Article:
Columnist Concerned With Chief Cantando’s Approach With Minorities
According to a recent article in the Contra Costa Times entitled “City’s police chief aims to add diversify his force,” Antioch Police Chief Allan Cantando is seeking to recruit more minority candidates. Commendable? Yes, however I find the Chief’s decision to hold meetings in Spanish at Holy Rosary Catholic church and other churches objectionable. Let religious institutions do what they do best rather than utilizing them as public forums.
The proper way to recruit minority applicants, according to Police Chief Magazine, is to engage stakeholders. Stakeholders are groups and individuals that have an interest or stake in enhancing minority recruiting and selection. Core stakeholders might include police executives, police human resource specialists, labor and union officials, city/county executives, neighborhood associations, minority and special interest groups.
Hiring should, of course, seek to reflect the ethnic and racial composition of the area. The 2010 Census Interactive Population Search for Contra Costa County shows population by ethnicity as 255,560 Hispanic or Latino, 793,465 Non-Hispanic or Latino. The county’s population by race is as follows:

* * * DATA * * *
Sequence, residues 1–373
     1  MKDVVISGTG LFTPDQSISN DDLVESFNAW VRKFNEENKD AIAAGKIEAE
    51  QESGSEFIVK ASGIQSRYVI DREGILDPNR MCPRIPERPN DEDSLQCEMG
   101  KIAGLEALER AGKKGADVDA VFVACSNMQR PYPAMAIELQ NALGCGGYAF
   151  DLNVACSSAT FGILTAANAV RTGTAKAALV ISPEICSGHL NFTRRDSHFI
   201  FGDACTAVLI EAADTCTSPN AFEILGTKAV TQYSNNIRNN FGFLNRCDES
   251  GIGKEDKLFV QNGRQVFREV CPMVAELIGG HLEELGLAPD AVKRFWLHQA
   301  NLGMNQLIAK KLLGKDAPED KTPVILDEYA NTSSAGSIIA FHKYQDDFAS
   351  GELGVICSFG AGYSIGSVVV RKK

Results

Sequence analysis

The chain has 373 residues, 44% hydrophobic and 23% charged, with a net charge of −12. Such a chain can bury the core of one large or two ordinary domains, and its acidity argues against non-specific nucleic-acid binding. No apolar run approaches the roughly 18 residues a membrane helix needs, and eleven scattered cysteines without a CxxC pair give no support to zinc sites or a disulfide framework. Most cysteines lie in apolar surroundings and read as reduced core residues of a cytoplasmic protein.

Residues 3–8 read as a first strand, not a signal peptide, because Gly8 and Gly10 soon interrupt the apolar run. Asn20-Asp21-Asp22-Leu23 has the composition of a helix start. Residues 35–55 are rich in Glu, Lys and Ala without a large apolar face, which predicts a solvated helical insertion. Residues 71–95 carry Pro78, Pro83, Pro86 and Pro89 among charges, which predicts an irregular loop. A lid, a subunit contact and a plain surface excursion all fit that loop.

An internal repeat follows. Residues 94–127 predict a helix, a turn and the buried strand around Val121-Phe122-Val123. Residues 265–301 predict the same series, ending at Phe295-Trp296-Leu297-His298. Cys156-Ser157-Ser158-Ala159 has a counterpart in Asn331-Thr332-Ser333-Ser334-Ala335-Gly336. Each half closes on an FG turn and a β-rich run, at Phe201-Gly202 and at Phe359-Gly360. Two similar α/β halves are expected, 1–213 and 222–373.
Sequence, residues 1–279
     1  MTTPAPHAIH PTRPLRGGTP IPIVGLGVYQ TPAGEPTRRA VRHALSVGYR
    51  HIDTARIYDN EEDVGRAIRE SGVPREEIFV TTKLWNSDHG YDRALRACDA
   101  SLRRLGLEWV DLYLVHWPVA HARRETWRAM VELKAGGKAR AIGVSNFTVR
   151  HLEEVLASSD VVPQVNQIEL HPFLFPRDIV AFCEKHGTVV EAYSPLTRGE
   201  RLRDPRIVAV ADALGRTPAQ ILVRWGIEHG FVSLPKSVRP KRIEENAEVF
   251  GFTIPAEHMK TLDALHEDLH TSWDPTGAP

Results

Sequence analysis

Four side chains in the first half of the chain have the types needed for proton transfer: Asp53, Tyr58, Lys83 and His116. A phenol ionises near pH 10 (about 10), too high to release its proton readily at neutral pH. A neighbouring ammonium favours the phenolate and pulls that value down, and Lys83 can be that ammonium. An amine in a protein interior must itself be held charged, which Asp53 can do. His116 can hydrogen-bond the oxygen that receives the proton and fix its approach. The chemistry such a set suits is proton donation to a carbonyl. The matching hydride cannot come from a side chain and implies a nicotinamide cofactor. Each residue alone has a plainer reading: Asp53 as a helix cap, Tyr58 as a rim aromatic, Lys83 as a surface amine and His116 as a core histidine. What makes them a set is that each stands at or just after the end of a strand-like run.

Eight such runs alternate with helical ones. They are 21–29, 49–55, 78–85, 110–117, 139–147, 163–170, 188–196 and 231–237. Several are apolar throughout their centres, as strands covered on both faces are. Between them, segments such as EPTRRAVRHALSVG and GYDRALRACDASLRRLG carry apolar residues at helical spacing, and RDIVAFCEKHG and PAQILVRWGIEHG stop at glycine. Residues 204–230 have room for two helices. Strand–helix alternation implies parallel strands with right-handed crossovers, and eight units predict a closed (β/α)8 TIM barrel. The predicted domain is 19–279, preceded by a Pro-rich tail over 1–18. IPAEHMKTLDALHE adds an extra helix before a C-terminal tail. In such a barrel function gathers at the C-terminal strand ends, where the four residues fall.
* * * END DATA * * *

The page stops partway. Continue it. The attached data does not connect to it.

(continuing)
American Indian/Alaska Native 6,122
Native Hawaiian and Pacific Islander 4,845
Identified by two or more 62,225
For the record, qualified candidates have always been welcomed on the Antioch Police force regardless of race, gender or socio-economic status. In fact, during the period July 2006-07 Antioch hired 24 police officers: 23 of the officers were male, one a female, 12 of the officers were white, 6 Hispanic, 3 black, and 3 Asian. (2 officers, 1 Hispanic and 1 white failed the department’s 16 week field training program.) My complaint at the time was the department wasn’t hiring enough women officers.
Allegations that the Antioch Police Department targeted and used excessive force against unruly black teenagers in the 2007 Gas City incident have no merit and ultimately led to the expulsion of seven Deer Valley High School students. Nor do discrimination charges by a few Section 8 tenants during the reign of Chief Jim Hyde, whose proactive approach to policing led to formation of the department’s Community Action Team (CAT) which made me feel a lot safer than I do today. In fact, the Ninth Circuit Court of Appeals recently affirmed the federal trial court’s decision in the Tuggles case finding no discrimination by the City of Antioch in its community policing efforts.